In 1939, a robot dog was killed while chasing a car. Really.

Sometimes you stumble across a piece of history that is too good not to follow up on. Sparko, the robot dog, is one such piece of history. Prepared for the World's Fair in 1939, he got out of his pen, chased a car, and was killed. No fooling.

Androids may dream of electronic sheep, but people have dreamed, for decades, of electronic dogs. Robots, a threatening concept, became much less frightening when put in the form of man's best friend. This relationship turned out quite satisfying for people - as well it might, since people engineered it that way. The dogs didn't fare quite so well. One of the most tragic cases was Sparko, the electronic dog. Sparko was a litter of three Sparkos, inspired by Philidog, a French robot exhibited at the 1929 International Radio Exhibition in Paris. Philidog would follow a specific light obediently, and when it got too close to the glow, would stop and begin to bark. A decade later, the Sparkos were meant to upstage the French.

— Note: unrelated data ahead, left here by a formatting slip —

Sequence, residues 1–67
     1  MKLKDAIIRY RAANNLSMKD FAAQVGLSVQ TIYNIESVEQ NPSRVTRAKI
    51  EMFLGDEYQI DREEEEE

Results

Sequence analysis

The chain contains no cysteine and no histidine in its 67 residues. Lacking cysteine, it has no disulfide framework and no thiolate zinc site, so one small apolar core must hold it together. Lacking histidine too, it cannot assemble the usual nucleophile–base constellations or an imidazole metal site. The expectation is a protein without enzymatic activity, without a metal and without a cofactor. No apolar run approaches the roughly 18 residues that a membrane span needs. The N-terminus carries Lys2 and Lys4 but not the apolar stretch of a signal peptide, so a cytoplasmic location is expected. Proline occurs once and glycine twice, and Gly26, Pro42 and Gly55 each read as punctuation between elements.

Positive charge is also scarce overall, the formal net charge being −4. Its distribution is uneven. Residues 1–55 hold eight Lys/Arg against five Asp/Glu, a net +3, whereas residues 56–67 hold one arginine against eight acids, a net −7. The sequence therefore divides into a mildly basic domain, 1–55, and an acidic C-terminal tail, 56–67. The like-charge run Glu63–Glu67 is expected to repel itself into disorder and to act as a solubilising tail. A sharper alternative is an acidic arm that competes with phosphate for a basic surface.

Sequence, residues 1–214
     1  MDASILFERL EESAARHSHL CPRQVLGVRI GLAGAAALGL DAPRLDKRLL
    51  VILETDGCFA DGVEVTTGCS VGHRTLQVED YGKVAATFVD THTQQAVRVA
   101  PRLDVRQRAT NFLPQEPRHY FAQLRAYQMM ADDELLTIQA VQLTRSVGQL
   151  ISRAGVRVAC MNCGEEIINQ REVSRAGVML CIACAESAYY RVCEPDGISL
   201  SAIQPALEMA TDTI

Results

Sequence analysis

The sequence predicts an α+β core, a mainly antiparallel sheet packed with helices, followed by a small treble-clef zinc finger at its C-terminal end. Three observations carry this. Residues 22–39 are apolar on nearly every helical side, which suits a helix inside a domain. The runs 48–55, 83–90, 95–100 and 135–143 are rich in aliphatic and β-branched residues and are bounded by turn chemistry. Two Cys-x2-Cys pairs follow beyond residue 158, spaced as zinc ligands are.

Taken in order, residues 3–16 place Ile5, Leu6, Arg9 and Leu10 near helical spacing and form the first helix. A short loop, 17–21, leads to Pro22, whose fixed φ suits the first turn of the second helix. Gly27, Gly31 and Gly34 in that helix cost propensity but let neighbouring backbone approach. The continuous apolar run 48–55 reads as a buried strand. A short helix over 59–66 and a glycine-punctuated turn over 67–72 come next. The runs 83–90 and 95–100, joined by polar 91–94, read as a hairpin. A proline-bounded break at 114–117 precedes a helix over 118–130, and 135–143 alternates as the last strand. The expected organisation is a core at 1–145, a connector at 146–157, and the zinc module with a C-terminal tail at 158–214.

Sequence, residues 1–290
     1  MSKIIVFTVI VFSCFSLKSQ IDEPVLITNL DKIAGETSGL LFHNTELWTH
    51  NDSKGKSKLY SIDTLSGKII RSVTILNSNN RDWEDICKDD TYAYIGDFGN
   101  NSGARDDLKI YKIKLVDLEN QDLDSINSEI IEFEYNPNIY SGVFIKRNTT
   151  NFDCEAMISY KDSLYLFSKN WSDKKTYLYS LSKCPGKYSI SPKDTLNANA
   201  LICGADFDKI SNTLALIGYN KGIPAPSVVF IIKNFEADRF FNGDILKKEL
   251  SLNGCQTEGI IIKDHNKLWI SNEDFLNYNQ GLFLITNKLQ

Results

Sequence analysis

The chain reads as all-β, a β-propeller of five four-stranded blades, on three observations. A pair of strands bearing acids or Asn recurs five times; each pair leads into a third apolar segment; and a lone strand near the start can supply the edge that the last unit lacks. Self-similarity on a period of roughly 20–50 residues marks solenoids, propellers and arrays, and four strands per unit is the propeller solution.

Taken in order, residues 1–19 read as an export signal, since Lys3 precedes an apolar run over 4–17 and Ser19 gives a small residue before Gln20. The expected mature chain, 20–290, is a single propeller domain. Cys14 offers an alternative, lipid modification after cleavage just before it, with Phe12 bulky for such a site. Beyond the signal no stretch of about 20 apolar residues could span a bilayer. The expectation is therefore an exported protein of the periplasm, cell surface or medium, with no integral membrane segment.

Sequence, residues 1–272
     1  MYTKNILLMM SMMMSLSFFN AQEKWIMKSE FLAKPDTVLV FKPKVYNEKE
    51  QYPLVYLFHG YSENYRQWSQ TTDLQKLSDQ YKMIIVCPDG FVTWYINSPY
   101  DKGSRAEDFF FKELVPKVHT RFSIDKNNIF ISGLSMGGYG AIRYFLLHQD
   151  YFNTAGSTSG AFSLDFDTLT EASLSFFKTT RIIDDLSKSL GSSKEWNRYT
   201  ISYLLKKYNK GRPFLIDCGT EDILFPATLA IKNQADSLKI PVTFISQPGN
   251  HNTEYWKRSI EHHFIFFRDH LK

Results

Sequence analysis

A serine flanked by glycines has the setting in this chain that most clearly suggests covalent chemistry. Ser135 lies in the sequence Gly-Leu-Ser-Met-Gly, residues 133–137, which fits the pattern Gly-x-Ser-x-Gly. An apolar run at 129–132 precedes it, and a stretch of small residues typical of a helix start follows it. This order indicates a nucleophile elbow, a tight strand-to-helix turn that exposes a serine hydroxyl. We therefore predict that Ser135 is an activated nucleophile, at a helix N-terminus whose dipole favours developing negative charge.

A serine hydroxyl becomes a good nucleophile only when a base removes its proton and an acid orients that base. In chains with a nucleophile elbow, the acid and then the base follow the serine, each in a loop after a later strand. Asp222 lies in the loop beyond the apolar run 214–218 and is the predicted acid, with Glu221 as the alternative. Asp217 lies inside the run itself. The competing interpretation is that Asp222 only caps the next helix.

All the Sparkos were modelled on Scottish Terriers and meant to be shown off with their master, a smoking robot, at the 1939 World's Fair. They were supposed to follow any light, and chase after visitors playfully. The last Sparko was lost in 1957. The fate of one remains a mystery. But the first to perish died tragically before the Fair even began, when a careless worker left the door to its storage area open. According to sources at the time, a car passed the door. Immediately, the dog saw its headlights. Off it went. Apparently it, 'rushed headlong towards it and was run over, despite the efforts of the driver to avoid it.'

Of course the saddest casualty of that day is Sparko. But let us not forget the poor driver, who got a terrible vision of the future when, on a perfectly ordinary night, a robot dog rushed barking towards his car, chasing after him when he swerved, and generally doing its best to let him know the robot uprising had occurred, and the robots had set their dogs on us first.

Image: Mostly Forbidden Zone

Via The Rutherford Journal